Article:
It can be hard sometimes to see how maths can be fun when you’re stuck in a classroom staring at numbers all of the time. Wouldn’t it be nice if you could actually apply the things you learn in class? Or if you could use highly advanced technology to find the answer you’re looking for? That’s exactly what 90 Secondary school students from 7 schools across NSW experienced during the Maths in Surveying Day last Friday at Bicentennial Park.
Mentored by 25 Registered Surveyors and 8 Maths Teachers, students used tools from the past together with the latest technology to perform surveying measurements and see how mathematics is applied to real life situations. Students participated in a range of activities including Surveying measurement and mapping, Unmanned Aerial Vehicle (UAV) photogrammetry, GPS treasure hunts, CAD modelling, Trigonometrical Heighting and calculating the circumference of the Earth using Eratosthenes method.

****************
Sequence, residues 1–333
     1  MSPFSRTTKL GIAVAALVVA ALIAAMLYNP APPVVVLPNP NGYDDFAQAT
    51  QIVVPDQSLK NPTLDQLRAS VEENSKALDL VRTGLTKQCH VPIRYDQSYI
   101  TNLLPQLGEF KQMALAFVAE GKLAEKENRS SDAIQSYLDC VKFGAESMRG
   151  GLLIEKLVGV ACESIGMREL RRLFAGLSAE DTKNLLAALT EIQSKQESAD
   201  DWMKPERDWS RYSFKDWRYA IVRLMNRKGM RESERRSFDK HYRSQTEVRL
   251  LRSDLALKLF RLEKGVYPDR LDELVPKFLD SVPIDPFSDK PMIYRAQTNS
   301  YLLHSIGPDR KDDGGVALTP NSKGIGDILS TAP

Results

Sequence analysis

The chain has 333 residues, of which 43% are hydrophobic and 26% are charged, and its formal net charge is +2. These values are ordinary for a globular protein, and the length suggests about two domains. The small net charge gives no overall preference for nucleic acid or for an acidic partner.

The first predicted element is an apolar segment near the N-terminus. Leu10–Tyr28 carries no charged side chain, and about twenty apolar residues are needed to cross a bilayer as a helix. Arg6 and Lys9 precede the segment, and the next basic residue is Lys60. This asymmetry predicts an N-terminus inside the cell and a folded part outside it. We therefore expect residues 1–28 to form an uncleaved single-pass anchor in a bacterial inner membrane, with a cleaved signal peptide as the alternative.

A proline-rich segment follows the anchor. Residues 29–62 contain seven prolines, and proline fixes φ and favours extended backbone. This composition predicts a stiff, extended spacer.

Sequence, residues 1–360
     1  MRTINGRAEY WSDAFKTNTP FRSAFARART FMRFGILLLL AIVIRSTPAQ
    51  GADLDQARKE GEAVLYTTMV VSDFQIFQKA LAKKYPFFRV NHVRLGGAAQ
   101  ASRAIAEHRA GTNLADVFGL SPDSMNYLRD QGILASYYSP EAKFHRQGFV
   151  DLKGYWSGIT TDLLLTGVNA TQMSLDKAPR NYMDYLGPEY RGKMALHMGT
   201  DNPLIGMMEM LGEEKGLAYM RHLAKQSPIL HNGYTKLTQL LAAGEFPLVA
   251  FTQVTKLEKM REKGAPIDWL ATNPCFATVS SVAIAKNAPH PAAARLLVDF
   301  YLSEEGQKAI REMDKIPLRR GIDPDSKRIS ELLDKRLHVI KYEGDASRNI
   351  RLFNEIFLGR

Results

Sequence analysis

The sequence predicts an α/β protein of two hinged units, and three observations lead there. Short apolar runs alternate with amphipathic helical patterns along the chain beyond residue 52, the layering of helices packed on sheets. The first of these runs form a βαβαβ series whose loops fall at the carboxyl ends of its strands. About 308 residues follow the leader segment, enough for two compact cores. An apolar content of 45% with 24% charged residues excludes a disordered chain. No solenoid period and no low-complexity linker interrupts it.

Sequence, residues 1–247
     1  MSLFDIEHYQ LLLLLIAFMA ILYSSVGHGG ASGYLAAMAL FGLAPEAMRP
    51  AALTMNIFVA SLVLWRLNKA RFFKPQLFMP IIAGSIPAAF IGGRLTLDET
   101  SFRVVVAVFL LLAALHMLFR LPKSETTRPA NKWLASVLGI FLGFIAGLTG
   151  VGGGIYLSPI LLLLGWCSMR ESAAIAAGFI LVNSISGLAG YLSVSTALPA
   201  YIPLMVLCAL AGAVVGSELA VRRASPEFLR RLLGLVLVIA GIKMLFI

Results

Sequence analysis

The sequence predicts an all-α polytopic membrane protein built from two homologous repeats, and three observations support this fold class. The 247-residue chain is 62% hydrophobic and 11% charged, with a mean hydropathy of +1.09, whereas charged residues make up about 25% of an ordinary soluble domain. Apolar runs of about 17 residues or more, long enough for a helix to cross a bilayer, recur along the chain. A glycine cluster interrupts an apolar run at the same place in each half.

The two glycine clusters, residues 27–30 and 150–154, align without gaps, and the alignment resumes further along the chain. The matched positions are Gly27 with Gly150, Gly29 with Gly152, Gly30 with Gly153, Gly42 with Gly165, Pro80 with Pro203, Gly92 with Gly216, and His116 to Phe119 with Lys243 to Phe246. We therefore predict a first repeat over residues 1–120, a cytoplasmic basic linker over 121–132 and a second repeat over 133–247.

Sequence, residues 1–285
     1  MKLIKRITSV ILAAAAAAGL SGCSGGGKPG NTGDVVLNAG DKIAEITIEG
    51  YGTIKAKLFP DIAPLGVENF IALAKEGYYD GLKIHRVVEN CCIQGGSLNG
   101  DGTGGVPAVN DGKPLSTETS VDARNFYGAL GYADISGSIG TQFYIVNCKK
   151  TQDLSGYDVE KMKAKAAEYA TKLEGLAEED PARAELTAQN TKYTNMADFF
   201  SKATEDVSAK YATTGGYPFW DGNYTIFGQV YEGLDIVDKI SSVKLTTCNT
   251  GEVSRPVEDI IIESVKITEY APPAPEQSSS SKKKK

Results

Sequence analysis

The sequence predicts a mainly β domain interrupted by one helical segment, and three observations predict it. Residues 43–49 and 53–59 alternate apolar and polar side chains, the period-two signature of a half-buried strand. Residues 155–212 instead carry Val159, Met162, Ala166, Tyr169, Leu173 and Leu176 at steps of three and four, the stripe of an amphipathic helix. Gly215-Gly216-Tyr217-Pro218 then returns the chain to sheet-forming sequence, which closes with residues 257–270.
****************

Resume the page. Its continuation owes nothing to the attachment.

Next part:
The UAV was a popular activity with students, which helped increase interest in the profession. This involved using virtual reality goggles and an Xbox controller to manoeuvre the UAV’s camera. Matthew Tuxen, a student from Scots College said “I enjoyed seeing the drones earlier. Working with them would be lots of fun.”
Surveying offers significant opportunities for young people looking for a diverse and varied career. As McCrindle research found in 2013, the national demand for new Surveyors means graduates are more likely to secure jobs in surveying compared with many other professions. An average of 90% of graduates in full-time employment earn a median starting salary of $52,000.
Ian Iredale, event organiser said “There is a major skills shortage in surveying looming across the country, and in particular in NSW. We hope this event will help students see how exciting careers in surveying can be and encourage them to keep going with maths through HSC to meet Uni prerequisites for surveying careers.”